Molecular data and phenotypic disease reactions were partially obtained for new dry bean genetic populations segregating for resistances to halo bacterial blight, common bacterial blight, and peanut mottle virus (PeMoV). Segregation of the Pse-2 gene (pending) and linked marker (completed) is being used to confirm Mendelian ratios. Advanced progeny lines used to study the interaction between two QTL (SAP6 and SU91) conferring resistance to common bacterial blight, indicate an effect for SAP6 QTL to a Puerto Rican strain of the pathogen but not against a South African strain. Two inbred populations phenotyped for reaction to PeMoV indicate association of resistance to the bc-1^2^ locus for resistance to bean common mosaic virus. Ten populations were generated but not yet phenotyped for testing association of the newly discovered PeMoV resistance gene with existing genes. A comparative genetic linkage map of 35 QTL conferring resistance to white mold was constructed and submitted for publication. Seventy-five bi-parental crosses were conducted to enhance bean germplasm for multiple stress resistance. Thirteen acres of field trials representing 2500 test plots were planted during the summer of 2010 to evaluate dry bean lines for disease reaction, biological nitrogen fixation, and yield performance. The ED-50 concentration for metalaxyl, and growth rates at three temperatures of five metalaxyl-resistant and five metalaxyl-sensitive isolates of Pythium ultimum were determined in laboratory and growth chamber tests to assess differences in fitness and aggressiveness between these isolates. Metalaxyl-resistant isolates were determined to be more aggressive than sensitive isolates based on more rapid growth rates. In three separate field studies, the impact of nine fertilizer treatments on pea root rot were assessed in one dryland and two irrigated pea production areas located in growers’ fields in Washington and Oregon. A pea mapping population consisting of 183 pea lines, two parents and two commercial standards was screened in replicated trials for white mold resistance under controlled growth chamber conditions. Pea lines showing promising resistance to white mold from the mapping population were maintained in a greenhouse until seed could be harvested for further evaluations.
1. Metalaxyl-resistant Pythium ultimum isolates are more aggressive than sensitive isolates. Pythium seed rot caused by Pythium ultimum is a major problem for both conventional and organic pea growers worldwide. Metalaxyl is currently the only compound used by vegetable growers to successfully protect seed from seed rot by this pathogen, but one-third of the crop fields in WA State tested have metalaxyl-resistant isolates. ARS researchers in Prosser, WA identified metalaxyl-resistant isolates, and that cyazofamid was the most effective compound in managing resistant isolates. Research directs farmers to use combinations of metalaxyl and cyazofamid for effective management of Phythium seed rot.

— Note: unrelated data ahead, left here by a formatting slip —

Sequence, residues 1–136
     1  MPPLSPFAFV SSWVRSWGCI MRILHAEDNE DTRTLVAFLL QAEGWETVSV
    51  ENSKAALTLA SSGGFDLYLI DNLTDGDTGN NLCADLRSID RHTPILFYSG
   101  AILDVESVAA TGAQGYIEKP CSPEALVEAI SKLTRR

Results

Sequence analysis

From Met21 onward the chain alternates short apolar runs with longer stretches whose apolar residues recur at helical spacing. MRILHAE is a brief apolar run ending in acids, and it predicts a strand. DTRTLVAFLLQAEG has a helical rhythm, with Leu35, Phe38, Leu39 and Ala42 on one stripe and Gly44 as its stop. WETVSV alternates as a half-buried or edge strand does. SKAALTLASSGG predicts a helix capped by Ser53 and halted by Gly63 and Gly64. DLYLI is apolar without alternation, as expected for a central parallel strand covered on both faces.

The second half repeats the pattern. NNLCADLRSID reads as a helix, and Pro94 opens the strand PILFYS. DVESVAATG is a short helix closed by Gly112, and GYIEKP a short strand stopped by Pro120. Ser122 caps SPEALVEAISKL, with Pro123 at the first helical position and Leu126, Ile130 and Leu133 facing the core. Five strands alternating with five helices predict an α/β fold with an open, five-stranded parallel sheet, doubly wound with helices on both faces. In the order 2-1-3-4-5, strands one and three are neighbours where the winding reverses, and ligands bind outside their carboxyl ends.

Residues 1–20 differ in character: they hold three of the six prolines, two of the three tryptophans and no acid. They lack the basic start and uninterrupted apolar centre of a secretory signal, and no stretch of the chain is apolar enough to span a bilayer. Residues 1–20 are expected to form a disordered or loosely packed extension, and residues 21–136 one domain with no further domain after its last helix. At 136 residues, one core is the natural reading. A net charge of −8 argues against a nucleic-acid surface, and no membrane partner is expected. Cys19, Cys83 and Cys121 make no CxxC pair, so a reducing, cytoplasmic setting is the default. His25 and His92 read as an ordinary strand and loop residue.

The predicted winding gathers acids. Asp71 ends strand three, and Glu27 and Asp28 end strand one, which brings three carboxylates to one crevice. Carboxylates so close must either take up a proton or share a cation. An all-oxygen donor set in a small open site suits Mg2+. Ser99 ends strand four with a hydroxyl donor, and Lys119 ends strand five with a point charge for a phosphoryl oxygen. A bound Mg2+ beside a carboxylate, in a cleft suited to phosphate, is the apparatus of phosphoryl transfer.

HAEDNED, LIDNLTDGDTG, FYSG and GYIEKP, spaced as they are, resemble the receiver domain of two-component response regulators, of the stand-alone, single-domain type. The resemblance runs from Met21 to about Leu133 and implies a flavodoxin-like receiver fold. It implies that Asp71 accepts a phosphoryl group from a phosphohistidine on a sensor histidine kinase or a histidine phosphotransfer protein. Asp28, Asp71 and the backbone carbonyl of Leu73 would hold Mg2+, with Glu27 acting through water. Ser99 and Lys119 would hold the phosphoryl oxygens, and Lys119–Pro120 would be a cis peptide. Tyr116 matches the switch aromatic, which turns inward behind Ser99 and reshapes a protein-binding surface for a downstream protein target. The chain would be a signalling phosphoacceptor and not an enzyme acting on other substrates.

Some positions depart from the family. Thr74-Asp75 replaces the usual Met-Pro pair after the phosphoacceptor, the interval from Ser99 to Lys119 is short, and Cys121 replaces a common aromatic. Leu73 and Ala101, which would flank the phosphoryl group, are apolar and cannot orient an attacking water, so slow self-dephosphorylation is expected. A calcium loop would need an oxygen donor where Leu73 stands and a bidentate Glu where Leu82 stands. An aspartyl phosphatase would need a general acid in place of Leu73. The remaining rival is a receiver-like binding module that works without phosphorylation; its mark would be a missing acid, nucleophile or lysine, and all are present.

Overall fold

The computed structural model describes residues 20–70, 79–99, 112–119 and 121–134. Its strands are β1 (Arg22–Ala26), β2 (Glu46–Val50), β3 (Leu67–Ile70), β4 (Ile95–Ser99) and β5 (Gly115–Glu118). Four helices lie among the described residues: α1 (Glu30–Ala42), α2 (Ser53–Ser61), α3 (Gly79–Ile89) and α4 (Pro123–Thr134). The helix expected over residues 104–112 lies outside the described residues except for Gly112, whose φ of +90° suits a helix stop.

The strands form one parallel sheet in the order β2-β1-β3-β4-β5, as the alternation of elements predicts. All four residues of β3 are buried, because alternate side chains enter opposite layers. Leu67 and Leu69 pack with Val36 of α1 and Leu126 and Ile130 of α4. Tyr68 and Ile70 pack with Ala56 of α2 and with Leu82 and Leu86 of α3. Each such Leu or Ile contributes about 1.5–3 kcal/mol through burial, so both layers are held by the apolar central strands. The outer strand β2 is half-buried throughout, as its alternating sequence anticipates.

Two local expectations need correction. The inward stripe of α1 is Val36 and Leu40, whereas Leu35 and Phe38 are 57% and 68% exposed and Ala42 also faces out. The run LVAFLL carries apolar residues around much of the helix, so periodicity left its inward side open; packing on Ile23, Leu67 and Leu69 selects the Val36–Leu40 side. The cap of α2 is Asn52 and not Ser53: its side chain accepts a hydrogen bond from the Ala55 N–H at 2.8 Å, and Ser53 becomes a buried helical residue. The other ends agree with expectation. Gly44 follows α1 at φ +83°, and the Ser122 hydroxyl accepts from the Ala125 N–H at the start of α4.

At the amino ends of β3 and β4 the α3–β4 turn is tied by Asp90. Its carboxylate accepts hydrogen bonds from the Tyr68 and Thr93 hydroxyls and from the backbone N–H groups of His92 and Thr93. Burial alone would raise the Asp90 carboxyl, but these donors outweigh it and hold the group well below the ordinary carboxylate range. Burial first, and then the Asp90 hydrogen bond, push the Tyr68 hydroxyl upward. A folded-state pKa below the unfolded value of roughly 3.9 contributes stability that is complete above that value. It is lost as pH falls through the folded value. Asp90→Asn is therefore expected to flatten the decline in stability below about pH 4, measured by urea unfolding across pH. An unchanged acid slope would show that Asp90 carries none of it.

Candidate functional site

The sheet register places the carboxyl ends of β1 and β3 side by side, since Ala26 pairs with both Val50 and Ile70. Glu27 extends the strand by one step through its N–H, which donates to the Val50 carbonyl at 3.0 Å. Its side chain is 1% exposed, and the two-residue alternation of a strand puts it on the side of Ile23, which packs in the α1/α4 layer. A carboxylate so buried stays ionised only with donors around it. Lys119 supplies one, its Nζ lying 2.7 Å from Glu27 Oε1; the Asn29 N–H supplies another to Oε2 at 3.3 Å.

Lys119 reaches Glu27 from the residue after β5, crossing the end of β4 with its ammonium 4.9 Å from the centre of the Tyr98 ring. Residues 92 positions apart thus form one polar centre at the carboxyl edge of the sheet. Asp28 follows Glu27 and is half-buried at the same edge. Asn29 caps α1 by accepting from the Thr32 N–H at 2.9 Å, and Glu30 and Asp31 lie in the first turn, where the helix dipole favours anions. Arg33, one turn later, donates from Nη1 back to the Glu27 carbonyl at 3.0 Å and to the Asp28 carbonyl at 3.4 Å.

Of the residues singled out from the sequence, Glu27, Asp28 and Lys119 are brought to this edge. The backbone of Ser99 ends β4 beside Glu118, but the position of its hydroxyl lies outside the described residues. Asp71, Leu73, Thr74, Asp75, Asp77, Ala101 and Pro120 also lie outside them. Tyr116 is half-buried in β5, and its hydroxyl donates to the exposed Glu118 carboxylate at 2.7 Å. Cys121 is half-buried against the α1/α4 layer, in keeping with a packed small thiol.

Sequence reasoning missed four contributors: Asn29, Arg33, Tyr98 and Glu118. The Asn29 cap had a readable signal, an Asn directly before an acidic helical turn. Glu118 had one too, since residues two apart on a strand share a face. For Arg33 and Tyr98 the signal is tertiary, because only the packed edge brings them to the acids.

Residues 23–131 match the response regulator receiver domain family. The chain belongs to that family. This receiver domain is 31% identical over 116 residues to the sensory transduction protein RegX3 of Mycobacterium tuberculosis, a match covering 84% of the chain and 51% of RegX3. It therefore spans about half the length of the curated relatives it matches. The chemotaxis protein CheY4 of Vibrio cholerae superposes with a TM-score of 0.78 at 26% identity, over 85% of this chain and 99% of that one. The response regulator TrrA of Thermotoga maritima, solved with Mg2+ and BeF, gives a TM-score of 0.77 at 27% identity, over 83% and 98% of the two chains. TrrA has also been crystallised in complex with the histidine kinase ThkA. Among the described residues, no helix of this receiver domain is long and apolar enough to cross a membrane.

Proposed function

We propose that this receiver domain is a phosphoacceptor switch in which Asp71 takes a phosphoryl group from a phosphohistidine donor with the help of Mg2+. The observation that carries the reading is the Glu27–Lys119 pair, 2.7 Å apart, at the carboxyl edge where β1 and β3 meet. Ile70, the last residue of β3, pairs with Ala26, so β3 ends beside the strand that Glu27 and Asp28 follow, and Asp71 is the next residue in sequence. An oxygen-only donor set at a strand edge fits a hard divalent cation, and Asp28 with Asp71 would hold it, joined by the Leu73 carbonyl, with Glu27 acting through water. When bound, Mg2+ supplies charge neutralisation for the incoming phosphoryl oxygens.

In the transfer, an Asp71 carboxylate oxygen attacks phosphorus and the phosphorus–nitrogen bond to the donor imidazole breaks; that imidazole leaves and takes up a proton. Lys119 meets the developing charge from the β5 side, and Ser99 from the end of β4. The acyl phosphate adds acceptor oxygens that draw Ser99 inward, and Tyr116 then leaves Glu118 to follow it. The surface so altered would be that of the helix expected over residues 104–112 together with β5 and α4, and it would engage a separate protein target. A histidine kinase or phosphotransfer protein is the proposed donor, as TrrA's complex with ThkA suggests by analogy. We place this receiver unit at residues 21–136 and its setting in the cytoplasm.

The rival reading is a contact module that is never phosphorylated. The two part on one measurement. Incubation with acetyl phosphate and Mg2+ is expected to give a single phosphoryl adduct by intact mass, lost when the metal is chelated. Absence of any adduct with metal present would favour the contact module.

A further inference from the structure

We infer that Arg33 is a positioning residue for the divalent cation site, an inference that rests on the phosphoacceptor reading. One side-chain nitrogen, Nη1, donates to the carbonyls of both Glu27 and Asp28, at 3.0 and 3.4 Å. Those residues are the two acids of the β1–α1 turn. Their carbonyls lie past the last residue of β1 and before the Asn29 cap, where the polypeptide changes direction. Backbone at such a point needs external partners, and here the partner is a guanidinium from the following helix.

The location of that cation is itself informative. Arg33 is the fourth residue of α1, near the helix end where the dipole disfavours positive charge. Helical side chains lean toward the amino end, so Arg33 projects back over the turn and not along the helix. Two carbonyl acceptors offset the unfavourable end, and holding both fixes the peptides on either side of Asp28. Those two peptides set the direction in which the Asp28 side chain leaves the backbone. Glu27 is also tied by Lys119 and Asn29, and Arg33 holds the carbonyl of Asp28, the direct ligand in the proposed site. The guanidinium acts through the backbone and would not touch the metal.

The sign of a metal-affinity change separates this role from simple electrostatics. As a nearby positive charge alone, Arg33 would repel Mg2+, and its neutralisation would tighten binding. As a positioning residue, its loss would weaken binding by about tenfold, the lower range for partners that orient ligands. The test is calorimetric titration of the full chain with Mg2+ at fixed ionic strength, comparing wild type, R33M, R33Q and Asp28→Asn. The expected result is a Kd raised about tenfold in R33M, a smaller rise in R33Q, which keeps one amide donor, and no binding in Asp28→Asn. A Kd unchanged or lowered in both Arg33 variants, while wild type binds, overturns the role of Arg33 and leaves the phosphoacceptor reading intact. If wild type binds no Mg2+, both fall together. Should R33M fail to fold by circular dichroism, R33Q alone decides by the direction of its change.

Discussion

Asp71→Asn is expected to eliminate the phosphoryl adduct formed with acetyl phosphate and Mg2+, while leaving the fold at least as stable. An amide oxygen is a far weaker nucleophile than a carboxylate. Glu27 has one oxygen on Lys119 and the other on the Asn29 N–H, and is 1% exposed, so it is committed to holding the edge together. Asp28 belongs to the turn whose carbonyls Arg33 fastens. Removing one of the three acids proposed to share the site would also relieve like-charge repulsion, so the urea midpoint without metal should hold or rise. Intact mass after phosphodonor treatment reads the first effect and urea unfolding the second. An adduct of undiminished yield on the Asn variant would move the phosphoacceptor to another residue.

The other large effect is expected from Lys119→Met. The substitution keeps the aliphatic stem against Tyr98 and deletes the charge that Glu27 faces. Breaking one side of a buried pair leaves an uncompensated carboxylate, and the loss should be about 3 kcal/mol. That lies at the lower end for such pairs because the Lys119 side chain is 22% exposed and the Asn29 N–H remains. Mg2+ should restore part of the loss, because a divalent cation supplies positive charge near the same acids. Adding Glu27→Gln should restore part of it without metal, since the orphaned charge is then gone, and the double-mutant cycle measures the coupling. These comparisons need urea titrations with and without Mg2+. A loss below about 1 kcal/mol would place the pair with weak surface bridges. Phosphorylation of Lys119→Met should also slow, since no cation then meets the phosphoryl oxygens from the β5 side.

2. Bean yield is enhanced by deployment of genes for resistance to bacterial blight disease. Common bacterial blight limits dry bean production worldwide. Genetic resistance can provide effective control, but the genes derive from exotic sources, thus may actually limit yield when the disease is absent. This condition is referred to as ‘yield drag’ or ‘linkage drag’. ARS researchers in Prosser, WA, transferred two exotically-derived genes into adopted dry bean lines. Extensive yield testing of these lines across three locations and two years indicated the genes could be deployed without harming yield potential in environments which lacked disease. This finding gives dry bean breeders the green-light to widely deploy these resistance genes to effectively combat common bacterial blight disease worldwide.
3. New genes and linked markers discovered for resistance to devastating virus disease in common bean. Beet curly top virus is a problematic disease of common bean in the Western U.S. Genetic resistance provides effective control but can be difficult to discern in early generations. Scientists at ARS, Prosser, WA, have characterized genes conditioning resistance to this virus and generated markers for rapid identification of the genes. A marker linked with a newly discovered resistance gene from a landrace cultivar was developed. The discovered gene, first from the Andean gene pool, represents an important gene for broadening the genetic basis of resistance to this virus. The markers facilitate breeding enhanced bean germplasm with higher levels of resistance to the virus.
5. Significant Activities that Support Special Target Populations
Organic seed treatments to manage Pythium seed rot will benefit small-scale organic vegetable growers.
Talukder, Z.I., Anderson, E., Miklas, P.N., Blair, M.W., Osorno, J., Dilawari, M., Hossain, K.G. 2010. Genetic diversity and selection of genotypes to enhance Zn and Fe content in common bean. Canadian Journal of Plant Science. 90: 49-60.